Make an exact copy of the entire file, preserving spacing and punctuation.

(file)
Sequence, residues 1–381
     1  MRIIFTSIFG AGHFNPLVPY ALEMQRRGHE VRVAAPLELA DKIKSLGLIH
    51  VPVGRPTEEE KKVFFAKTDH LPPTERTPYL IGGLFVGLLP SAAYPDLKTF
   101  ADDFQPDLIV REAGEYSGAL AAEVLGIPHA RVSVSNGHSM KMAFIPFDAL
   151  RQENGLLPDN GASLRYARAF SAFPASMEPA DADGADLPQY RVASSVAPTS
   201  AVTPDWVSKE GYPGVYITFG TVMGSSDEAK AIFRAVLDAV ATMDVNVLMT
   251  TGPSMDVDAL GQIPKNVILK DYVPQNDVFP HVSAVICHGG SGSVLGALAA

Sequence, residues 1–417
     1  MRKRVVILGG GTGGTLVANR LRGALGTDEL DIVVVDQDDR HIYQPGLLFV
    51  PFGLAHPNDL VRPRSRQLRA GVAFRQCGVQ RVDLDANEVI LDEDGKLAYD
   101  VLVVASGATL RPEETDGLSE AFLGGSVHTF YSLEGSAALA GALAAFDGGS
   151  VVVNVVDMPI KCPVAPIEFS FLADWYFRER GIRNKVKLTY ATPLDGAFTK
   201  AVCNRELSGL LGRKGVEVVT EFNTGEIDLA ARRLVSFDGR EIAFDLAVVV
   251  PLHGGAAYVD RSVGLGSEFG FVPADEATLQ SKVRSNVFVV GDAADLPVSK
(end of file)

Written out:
Sequence, residues 1–381
     1  MRIIFTSIFG AGHFNPLVPY ALEMQRRGHE VRVAAPLELA DKIKSLGLIH
    51  VPVGRPTEEE KKVFFAKTDH LPPTERTPYL IGGLFVGLLP SAAYPDLKTF
   101  ADDFQPDLIV REAGEYSGAL AAEVLGIPHA RVSVSNGHSM KMAFIPFDAL
   151  RQENGLLPDN GASLRYARAF SAFPASMEPA DADGADLPQY RVASSVAPTS
   201  AVTPDWVSKE GYPGVYITFG TVMGSSDEAK AIFRAVLDAV ATMDVNVLMT
   251  TGPSMDVDAL GQIPKNVILK DYVPQNDVFP HVSAVICHGG SGSVLGALAA

Sequence, residues 1–417
     1  MRKRVVILGG GTGGTLVANR LRGALGTDEL DIVVVDQDDR HIYQPGLLFV
    51  PFGLAHPNDL VRPRSRQLRA GVAFRQCGVQ RVDLDANEVI LDEDGKLAYD
   101  VLVVASGATL RPEETDGLSE AFLGGSVHTF YSLEGSAALA GALAAFDGGS
   151  VVVNVVDMPI KCPVAPIEFS FLADWYFRER GIRNKVKLTY ATPLDGAFTK
   201  AVCNRELSGL LGRKGVEVVT EFNTGEIDLA ARRLVSFDGR EIAFDLAVVV
   251  PLHGGAAYVD RSVGLGSEFG FVPADEATLQ SKVRSNVFVV GDAADLPVSK